The ‘hidden squeeze’ from NJ pensions, as retiree numbers mount
TRENTON – A recent report studying New Jersey’s public worker pension plans says “the picture is even gloomier than originally thought” despite a record state pension contribution this year, with one fund already having more retirees than active workers.
The report for the conservative Garden State Initiative by senior fellow Andrew Biggs of the American Enterprise Institute said almost all public pension funds in the United States have funding issues to one degree or another but that New Jersey is among the lowest funded, along with Illinois and Kentucky.
The state got there through years of contributing less into its pension funds – usually, far less – than what actuaries recommended. The report says that from 2001 to 2018, the Public Employees’ Retirement System got 48% of its recommended contributions. The Police and Firemen’s Retirement System got 56%. The Teachers’ Pension and Annuity Fund got only 18%.
Employees were making their full contributions, as required.
'A hidden squeeze'
That led to what Biggs called “a pretty precipitous decline” in the pension systems’ funding levels. This fiscal year is the first in a quarter-century in which the state made its full payment, $6.9 billion. But the majority of that isn’t paying for services that workers are providing the public this year.
“A lot of the contribution that is going into pensions, billions of dollars, is to pay for unfunded liabilities from past years,” Biggs said. “And that’s just I hate to say money down the drain, but the point is it is not money that the taxpayer today is getting something in return for. They are paying today for contributions that should have been made in the past.”
“It is a hidden squeeze on the value the residents of New Jersey are getting from government, that more and more of what they’re paying for isn’t actually producing more and better government,” he said. “It’s simply paying off debt that it’s run up in the past.”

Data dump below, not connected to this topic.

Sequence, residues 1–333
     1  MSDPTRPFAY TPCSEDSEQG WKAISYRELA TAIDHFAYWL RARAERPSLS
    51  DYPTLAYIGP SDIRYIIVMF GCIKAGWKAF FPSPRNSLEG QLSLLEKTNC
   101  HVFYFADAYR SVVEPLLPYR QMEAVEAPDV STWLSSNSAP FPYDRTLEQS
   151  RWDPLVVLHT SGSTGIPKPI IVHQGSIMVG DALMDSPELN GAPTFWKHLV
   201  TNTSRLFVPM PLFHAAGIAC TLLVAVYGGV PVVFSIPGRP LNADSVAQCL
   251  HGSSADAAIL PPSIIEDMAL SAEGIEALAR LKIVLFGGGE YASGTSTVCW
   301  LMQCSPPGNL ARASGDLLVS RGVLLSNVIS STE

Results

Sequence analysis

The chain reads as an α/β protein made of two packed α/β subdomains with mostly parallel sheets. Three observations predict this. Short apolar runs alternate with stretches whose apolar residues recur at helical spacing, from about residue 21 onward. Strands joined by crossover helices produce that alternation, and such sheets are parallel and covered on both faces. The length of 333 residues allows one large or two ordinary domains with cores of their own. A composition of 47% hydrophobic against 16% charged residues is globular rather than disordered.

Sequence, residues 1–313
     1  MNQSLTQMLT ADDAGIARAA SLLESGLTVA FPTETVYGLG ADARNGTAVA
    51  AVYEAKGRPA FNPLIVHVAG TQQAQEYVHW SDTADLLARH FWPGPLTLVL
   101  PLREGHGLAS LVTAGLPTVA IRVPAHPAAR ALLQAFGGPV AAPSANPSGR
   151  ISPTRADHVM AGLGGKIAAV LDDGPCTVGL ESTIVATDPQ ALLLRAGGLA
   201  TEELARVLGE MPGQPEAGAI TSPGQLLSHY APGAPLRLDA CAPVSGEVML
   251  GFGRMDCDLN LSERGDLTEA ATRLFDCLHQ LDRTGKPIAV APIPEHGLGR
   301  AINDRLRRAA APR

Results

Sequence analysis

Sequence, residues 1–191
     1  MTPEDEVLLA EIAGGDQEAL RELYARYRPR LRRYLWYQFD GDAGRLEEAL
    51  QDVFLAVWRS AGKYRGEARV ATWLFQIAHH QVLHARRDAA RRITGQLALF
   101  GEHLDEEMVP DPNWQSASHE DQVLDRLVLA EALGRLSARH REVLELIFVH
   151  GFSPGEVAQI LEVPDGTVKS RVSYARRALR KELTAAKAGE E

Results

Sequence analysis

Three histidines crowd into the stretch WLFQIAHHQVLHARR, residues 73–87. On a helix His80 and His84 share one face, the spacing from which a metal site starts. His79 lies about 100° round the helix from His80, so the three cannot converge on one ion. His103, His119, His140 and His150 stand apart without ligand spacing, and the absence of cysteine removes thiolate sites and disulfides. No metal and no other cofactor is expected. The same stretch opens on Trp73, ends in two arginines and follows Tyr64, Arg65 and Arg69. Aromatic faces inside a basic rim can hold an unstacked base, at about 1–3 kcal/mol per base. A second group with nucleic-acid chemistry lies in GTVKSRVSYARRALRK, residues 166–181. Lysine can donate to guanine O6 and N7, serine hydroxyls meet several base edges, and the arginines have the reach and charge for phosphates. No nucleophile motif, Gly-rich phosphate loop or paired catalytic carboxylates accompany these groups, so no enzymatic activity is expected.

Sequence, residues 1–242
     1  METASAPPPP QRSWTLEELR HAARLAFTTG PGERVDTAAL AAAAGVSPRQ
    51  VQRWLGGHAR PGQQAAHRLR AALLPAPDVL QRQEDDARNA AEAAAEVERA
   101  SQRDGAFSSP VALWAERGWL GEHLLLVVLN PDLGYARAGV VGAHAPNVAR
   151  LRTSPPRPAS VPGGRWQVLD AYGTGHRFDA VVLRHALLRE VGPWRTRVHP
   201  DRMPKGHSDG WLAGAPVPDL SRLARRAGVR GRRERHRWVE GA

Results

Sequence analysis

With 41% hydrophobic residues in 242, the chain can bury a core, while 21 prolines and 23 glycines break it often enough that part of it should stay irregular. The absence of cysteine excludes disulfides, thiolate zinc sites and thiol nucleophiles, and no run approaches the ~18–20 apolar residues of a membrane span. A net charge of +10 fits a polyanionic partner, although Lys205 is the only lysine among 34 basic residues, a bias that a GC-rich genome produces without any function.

Changes to consider
There isn’t a magical way out. Biggs has three suggestions.
Have workers share some of the investment risk by requiring them to pay some of the shortfall if the riskier investments the state is pursuing lose money. He said Utah and Nevada do this now. He said as the number of retirees grows, the state should shift money into safer bonds rather than private equity and hedge funds – but isn’t.
“If the returns are low, both the employer – meaning the government and the taxpayer – and the employee, they both contribute more,” Biggs said. “And that spreads that risk between employers and employees, but it also gives employees some incentive to think about how much investment risk their plans are taking.”
In 2001, there were 2.7 workers paying into the Public Employees Retirement System for each retiree. By 2019, it had 1.4. The Police and Firemen’s Retirement System already has more retirees than workers in 2019.
“Over the past 20 years, as the participants have aged, the population has matured, they should have taken less investment risk. They’ve actually taken more investment risk,” Biggs said.
“So, they’re taking investment risk precisely as they’re less able to bear investment risk,” he said. “They’re so desperate to restore the plan to funding but they don’t want to make people pay more into it, so they say, ‘Let’s just gamble. Let’s just take a lot of investment risk and hope it plays out.’ But this is like somebody who goes to Atlantic City, I guess, and they’ve lost a lot of money and they say, ‘Well, let’s just stay at the table and try to win it back.’ And usually that doesn’t work out very well.”
Make workers pay more into the pensions. The report says the contribution rate for workers has gone up from 5.4% to 7.7% of wages during the span in which the government went from less than 1% of wages in 2001, when it began severely shorting its payment, to over 25% of wages in 2019.
“The benefits are far, far more generous than what private-sector workers could get. So, if I were a public-sector employee in New Jersey and they said, ‘You’ve got to pay an extra couple percent of your salary, I would still consider the pensions to be a good deal,” Biggs said.
Switch to a cash-balance plan for new workers. Biggs said they are a mix between traditional pensions and 401(k) accounts, in which investments are credited to a worker’s account.
“Some combination of those approaches – I think it’s not a magic bullet. It’s not going to make this a painless fix. But it gets us closer to bringing these pension plans back to economic reality,” Biggs said.
Michael Symons is State House bureau chief for New Jersey 101.5. Contact him at email@example.com.